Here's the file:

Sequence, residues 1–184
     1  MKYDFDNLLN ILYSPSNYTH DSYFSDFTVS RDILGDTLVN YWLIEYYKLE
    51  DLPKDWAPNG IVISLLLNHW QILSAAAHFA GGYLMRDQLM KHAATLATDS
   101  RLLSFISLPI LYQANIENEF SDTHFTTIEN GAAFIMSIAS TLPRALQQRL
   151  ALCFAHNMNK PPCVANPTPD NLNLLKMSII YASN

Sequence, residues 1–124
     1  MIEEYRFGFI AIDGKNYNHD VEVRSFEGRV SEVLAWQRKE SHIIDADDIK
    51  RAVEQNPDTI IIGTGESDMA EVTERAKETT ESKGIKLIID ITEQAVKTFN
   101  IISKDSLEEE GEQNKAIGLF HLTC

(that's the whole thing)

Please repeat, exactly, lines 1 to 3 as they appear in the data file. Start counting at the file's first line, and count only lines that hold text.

Sequence, residues 1–184
     1  MKYDFDNLLN ILYSPSNYTH DSYFSDFTVS RDILGDTLVN YWLIEYYKLE
    51  DLPKDWAPNG IVISLLLNHW QILSAAAHFA GGYLMRDQLM KHAATLATDS